China in the Roaring Twenties 2.0 now has the fastest and the most furiously growing demand for small and shiny gems. According to the Diamond Insight Report 2017 by DeBeers Group, the Chinese diamond jewelry sector managed to triple in size within one decade, facilitated by the rising growth of third-tier cities and the millennial generation who like to treat themselves to diamonds more often than the nation’s middle-aged ladies.


Kiki Zhu Accessories: Rocking Character, Quirk And Chinese Whispers

Accessories made in China to this day maintain their spirit of chinoiserie, using the staple China Red (中国红) or retaining in their designs traces of Chinese tradition such as roof tile patterns or the symbols of the evergreen tree, the peony, and so traditionally forth.

Chinese jewelry brand Chow Sang Sang (周生生) in 2013, for example, released gold bars with the engraved drawings of the carp (鲤鱼送福), the nine dragons(九龙腾飞), as well as several paper-cutting art (马年中国剪纸) motives.



The Icing on the Cake: Five Chinese Brands

Temper presents you with five Chinese accessory brands dug up by yours truly from our almighty treasure chest.

Angs (谙诗)

Angs defines itself as a “lyrical poem”. Founded by two jewelry designers, Wang Qian 王谦 and Zhang Shaofei 张少飞, who used to design for the big houses like Swarovski, Angs started out in 2005 as a mere Weibo account — @angs设计小学, now renamed 谙诗. The two graduates from the China Central Academy of Fine Arts are also the collaborating designers at the Cultural and Creative Center at China Art Museum.


“There is nothing more exciting than simplicity,” says this brand. Yin specializes in handmade 18K gold jewelry of minimal design. Two Ogilvy colleagues, Dora and Ayur, founded the brand since they couldn’t find one what they were actually looking for.

Each one of the brand’s collections and lines takes on the tag of “Yi”, “Yin” or “Ying”, all related to the brand’s name — including the YINgagement ring (yīn (姻) means “marriage”). These consumers-turned-designers publish regular stories about their wearers on the brand’s official WeChat account: @YIN设计金饰.

Yàn Yù(艳钰) 

Yàn Yù devotes itself to development of the imperial hand-crafted art and Chinese intangible cultural heritage “Filigree Mosaic (Huā Sī Xiāng Qiàn,花丝镶嵌),” which carries some 2000 years of history. The brand cherishes the value of the Big Eight Artcrafts (Yān Jīng Bā Jué, 燕京八绝) from the long-gone days of the Yanjing – former name for Beijing — Period when the city was deemed a fashion capital. It also employs the traditional Chinese concept of the twenty-four solar term (èr Shí Sì Jié Qì,二十四节气) to create its collections. Long story short: They aim to make the Filigree Mosaic great again.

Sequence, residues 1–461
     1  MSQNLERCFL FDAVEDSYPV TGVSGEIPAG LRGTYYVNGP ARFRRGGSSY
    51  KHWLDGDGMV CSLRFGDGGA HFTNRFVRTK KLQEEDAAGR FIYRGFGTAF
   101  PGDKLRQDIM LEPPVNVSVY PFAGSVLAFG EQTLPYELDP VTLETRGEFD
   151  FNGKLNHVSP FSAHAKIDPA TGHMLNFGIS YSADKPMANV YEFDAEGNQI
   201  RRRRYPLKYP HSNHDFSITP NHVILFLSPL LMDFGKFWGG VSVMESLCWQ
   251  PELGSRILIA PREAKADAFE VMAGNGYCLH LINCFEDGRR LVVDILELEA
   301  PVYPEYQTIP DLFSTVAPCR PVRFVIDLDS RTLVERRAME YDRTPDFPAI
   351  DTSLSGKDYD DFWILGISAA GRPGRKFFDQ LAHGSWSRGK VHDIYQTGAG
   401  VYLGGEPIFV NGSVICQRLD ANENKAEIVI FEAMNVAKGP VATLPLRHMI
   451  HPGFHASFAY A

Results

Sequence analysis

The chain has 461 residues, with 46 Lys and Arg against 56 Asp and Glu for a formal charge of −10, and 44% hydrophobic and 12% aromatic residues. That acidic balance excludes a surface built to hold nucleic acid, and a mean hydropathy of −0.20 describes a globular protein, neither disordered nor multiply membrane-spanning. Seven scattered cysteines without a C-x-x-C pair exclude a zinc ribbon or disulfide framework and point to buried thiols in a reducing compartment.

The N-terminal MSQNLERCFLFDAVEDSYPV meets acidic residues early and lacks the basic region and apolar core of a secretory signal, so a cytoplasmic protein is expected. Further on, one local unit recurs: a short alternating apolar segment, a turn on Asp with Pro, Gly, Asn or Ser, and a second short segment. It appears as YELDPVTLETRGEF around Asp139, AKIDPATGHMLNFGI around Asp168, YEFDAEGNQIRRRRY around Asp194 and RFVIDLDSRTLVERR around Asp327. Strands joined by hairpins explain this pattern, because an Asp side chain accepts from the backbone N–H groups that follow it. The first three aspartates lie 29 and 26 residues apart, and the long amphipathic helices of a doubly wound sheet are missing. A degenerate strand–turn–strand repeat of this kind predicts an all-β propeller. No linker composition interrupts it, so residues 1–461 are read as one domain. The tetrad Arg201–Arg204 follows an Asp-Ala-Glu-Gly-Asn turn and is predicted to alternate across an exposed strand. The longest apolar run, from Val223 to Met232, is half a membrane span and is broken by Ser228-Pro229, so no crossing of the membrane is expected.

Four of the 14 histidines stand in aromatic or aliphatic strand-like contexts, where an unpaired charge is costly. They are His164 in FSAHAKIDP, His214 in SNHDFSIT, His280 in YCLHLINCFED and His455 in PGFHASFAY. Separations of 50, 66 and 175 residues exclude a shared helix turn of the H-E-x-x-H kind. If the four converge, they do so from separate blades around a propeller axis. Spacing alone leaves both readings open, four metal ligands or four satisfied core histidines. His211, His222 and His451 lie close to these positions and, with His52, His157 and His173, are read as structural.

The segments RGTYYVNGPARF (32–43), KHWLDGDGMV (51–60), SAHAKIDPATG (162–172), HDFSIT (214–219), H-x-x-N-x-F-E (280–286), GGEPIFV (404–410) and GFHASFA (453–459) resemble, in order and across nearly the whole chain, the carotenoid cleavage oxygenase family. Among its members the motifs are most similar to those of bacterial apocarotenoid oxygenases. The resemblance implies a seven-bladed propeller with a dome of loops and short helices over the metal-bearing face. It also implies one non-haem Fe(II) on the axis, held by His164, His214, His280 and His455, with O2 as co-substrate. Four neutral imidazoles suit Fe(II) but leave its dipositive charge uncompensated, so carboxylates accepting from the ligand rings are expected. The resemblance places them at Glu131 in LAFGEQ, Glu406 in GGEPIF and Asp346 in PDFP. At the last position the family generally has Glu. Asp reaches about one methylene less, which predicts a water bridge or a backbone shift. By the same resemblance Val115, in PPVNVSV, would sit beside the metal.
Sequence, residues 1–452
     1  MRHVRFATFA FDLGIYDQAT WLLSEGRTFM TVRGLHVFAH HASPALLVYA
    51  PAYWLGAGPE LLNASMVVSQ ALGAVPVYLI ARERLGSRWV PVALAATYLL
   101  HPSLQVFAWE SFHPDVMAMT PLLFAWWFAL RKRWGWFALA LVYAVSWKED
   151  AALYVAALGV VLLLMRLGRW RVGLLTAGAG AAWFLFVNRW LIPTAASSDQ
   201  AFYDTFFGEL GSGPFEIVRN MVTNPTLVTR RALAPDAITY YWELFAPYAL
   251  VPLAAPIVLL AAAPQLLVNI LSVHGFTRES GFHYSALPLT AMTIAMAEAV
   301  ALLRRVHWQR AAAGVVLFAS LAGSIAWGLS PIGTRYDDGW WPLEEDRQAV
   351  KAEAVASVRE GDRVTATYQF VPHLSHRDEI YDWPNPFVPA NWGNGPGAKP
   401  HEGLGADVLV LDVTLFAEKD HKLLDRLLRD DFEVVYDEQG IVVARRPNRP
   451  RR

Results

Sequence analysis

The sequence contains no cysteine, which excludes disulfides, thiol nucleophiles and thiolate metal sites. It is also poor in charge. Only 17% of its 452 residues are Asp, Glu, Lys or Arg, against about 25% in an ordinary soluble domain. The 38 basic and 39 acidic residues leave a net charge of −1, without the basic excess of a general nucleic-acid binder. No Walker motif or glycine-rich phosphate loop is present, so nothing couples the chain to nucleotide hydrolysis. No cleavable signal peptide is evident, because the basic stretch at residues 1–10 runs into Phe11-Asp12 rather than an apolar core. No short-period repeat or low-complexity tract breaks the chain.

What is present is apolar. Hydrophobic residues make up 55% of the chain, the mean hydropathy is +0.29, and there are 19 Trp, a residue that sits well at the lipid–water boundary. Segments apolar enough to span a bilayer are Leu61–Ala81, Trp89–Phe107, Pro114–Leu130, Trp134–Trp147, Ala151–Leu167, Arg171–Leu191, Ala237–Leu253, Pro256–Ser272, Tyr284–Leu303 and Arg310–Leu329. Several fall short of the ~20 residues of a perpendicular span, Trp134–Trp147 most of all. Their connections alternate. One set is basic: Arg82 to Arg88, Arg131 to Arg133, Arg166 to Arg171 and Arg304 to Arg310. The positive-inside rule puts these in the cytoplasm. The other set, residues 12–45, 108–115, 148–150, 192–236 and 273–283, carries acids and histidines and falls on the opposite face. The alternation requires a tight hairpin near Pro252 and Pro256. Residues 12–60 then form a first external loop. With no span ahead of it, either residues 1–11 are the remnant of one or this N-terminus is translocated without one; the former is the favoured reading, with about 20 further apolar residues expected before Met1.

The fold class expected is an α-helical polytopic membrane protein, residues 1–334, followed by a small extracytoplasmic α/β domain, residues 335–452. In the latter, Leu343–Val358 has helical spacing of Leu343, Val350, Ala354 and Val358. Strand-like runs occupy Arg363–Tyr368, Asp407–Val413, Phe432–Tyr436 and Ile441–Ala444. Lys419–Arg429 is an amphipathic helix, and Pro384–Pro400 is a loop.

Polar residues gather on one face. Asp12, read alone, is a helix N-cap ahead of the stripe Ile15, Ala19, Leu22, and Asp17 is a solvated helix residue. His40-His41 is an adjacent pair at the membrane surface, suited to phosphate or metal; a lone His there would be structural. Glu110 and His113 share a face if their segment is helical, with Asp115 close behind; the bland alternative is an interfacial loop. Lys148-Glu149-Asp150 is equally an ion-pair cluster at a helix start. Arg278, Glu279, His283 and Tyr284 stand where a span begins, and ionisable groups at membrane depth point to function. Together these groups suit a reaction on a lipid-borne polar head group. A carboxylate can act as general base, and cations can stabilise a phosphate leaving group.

SCREW (肆物)

Screw is a highly cost-effective brand displaying humble yet intricate accessories, loved and worn by many a Chinese celebrity. Designer Pollia (杜若) herself already is a famous figure for her appearance, being called the “beautiful designer” and generating an abundant fan following on Weibo.

Convenient as proven by the fact that she does her own brand-modeling. She was one of the designers starring on “Creative Sky”( Chuàng Yì Xīng Kōng, 创意星空),” a former CCTV6 fashion designer contest show. Every one of her concoctions is infused with a witty anecdote.



         YVMIN Studio (尤目)

YVMIN Studio stems from the teaming up of two CAFA — Central Academy of Fine Arts — graduates, fashion designer Lǐ Mín (李忞) and jewelry designer Zhāng Xiǎo Yǔ(张晓宇). Carrying affordable price tags, the brand seeks out all beauty possibly related to the human body and calls itself a “total body decoration lab.”

Though the kitsch accessories take their motives from everyday life — like food, insects and school life – the designers say that the fantasy of surreal space and the curiosity for the future (world) provides them with an endless source of inspiration.


One must always bear in mind that whilst the right piece can dot the outfit I’s, overkill will hurt the eyes. 

As a finishing touch, Temper encourages all to put on that thinking top hat and leaves you with the following to ponder:

“Trendy is the last stage before tacky,” Der Karl.

Quite the social fee to pay.



















Minyoung Lee